Posted by Ray Carroll | Posted in adultery, church, church leadership, church members, churches, repentance, restoration, wife | Posted on 29-08-2014
Over the past five years as I’ve ministered to fallen pastors, their wives, their churches, and the women caught in adultery, there is one profound and disturbing scene that plays over and over again. It is a story that is told in my book by eyewitnesses. It is a story I have heard numerous times over the past few years.
When a pastor or minister falls in adultery, the church is often quick to put him out. There is much anger, frustration, and sometimes hatred.
One of the questions that comes to bear quickly is, “What will his wife do?”
This question is asked by her family. I’ve seen the wife’s family most often say, “You need to leave him. He’s cheated on you. Get rid of that man.”
The response from the church is often the same: “He cheated on you and has abandoned his calling. Divorce him.”
I don’t really know how to reconcile these thoughts. Let me say out front that adultery is awful. It’s terrible. When a man chooses to willingly commit adultery, he has abandoned his family, his marriage, and if he is a pastor, he has chosen to leave his ministry position. It is a terrible, sinful situation.
The feelings that occur when the pastor has been caught are tremendous. People feel betrayed. They are hurt. They have a sense of grief and vengeance at times. When any of us are hurt, we often lash out and want the person who has hurt us to feel the same hurt that we feel.
The cultural and secular response to adultery is to divorce. It is to leave your spouse. It’s the feeling the church has when they find out their pastor has committed adultery. It’s a typical response. It’s the most common response. The church wants to distance themselves from the pastor and they fire him, kick him to the curb, without any further mention of his name or consideration of his future. It is a very human and visceral response.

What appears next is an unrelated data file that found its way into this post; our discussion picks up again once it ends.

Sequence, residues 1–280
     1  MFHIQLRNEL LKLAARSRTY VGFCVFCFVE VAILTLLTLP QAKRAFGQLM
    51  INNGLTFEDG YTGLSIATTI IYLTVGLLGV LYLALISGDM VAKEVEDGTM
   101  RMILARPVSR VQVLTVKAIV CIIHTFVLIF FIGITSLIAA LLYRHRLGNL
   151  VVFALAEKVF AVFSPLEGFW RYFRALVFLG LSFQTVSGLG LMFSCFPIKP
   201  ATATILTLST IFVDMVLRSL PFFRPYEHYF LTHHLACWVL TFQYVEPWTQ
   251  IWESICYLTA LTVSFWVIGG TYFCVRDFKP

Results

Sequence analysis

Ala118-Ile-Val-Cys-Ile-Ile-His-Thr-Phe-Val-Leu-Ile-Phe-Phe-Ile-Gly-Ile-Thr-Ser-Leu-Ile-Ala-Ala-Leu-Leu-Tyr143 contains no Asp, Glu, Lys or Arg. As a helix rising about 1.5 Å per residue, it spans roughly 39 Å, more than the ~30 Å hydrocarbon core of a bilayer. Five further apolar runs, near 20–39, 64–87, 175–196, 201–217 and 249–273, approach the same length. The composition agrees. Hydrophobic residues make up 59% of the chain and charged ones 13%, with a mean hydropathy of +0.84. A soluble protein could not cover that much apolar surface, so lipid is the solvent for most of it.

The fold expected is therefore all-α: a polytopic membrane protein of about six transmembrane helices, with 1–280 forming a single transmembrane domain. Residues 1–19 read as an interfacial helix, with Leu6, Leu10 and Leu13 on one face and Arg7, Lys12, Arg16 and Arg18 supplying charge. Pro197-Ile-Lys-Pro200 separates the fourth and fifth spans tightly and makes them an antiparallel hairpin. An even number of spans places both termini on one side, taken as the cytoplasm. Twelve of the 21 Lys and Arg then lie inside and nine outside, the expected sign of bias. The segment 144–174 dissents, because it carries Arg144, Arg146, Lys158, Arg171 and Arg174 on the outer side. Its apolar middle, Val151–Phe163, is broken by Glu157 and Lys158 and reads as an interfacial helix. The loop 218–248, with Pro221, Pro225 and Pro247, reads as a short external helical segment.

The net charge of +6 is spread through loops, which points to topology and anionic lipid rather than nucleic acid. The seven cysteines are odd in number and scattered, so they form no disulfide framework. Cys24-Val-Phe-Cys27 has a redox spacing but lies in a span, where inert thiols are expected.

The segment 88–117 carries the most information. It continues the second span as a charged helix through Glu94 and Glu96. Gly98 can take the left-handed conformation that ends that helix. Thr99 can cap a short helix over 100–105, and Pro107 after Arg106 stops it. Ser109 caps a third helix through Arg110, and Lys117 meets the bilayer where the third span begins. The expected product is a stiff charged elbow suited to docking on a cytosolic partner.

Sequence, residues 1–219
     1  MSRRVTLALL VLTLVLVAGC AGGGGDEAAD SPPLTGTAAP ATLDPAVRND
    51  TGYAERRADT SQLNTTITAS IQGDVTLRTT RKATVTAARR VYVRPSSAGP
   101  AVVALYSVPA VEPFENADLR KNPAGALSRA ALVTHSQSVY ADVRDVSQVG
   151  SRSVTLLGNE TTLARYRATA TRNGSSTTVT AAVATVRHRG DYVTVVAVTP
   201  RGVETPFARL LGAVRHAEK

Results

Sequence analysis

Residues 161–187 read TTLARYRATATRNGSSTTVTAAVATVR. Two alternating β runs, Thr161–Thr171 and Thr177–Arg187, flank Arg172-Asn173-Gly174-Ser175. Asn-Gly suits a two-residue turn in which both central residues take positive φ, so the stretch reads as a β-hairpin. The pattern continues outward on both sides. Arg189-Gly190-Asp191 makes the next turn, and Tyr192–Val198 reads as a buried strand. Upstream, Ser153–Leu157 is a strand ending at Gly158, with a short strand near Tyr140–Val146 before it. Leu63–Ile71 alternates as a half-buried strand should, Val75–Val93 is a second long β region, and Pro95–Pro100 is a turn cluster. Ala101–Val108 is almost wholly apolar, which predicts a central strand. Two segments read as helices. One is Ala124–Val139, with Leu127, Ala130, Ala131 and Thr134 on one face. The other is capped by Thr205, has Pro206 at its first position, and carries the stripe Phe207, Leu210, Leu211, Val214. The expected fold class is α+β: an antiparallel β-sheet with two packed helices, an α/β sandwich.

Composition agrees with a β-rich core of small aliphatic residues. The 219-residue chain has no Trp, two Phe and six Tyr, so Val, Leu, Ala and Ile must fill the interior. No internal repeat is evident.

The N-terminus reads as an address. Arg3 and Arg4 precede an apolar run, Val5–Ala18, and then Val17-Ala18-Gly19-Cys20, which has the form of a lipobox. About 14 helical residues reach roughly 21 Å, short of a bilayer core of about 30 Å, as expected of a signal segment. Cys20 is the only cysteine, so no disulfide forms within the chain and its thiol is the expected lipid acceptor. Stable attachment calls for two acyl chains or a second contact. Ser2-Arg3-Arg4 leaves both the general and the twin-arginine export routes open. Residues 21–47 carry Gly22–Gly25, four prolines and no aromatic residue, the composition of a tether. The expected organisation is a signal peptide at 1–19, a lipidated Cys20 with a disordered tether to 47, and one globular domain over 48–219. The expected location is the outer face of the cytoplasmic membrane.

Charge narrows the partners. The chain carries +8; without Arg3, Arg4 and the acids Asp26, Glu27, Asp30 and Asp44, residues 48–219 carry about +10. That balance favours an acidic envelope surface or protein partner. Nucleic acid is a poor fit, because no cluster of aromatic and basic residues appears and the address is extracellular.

What I’ve been arguing for in this blog for five years is that the visceral response is not a biblical response. If the pastor shows no signs of repentance at all, it may be best to let him go on his way. But if he is caught and shows any kind of repentance, then Galatians 6:1 kicks into gear and we are to restore him as we are to restore anyone within the community of faith who has fallen into sin. That is what the body of Christ is about. I’m not talking about restoring him to the pulpit. But I’m talking about getting him help so that he can be restored to Christ. Back to his wife and family.
“What is most disturbing to me is the reaction I see when the pastor’s wife wants to restore her marriage to the fallen pastor and she is held in contempt.”
What is most disturbing to me is the reaction I see when the pastor’s wife wants to restore her marriage to the fallen pastor and she is held in contempt. This happens when the church has reacted harshly to the minister’s sin and they have no desire to restore him at all. They have decided that the best thing for the minister’s wife is to leave him. But, she has decided that the best thing is to stay with him and restore their relationship.
I have seen it play out over and over where churches see the pastor’s wife reject her as an ally of the fallen pastor. They see her as damaged goods – just as damaged as the fallen pastor.
What they should see is a woman who is deciding to be a restoring, Christ-like agent in the life of her husband. They should draw up beside her and give her and him the support they need to restore their broken marriage. Unfortunately, what happens too often is that the church throws both of them out. They see her as a blind person who can’t see that he is just a terrible, lost sinner who has fallen too far from grace and cannot be saved.
Is this the Christian response? Is this a biblical response?
I don’t want to be too hard on the church, because I believe in most cases, the church is responding out of anger and hurt. Most churches are ill-equipped to handle the fall of a pastor or minister in this situation. They may not have the ability to walk alongside their pastor and his wife, but they should be able to find people who can.
Friends, there is sin in this world. It happens to our leaders. And when a pastor falls and his wife bravely and Scripturally chooses to stay with him, they should be supported by the local body of believers. They should not be shunned or cast out. If the local church cannot find it within themselves to help, they at least should find someone on the outside who can walk with them.
Abandonment of a hurting ministry couple who are going through the worst time of their lives is not the answer. If we are going to address the serious issue of ministry failure, we have to do better. As church leaders, members, associational directors, denominations, and Christ-followers, we must do better to take care of those who we call brothers and sisters.
“Is Your Church Equipped To Handle Ministry Failure?” Fallen Pastor
Ray Carroll is the author of “Fallen Pastor: Finding Restoration in a Broken World,” which answers many of the questions I get asked on a weekly basis.
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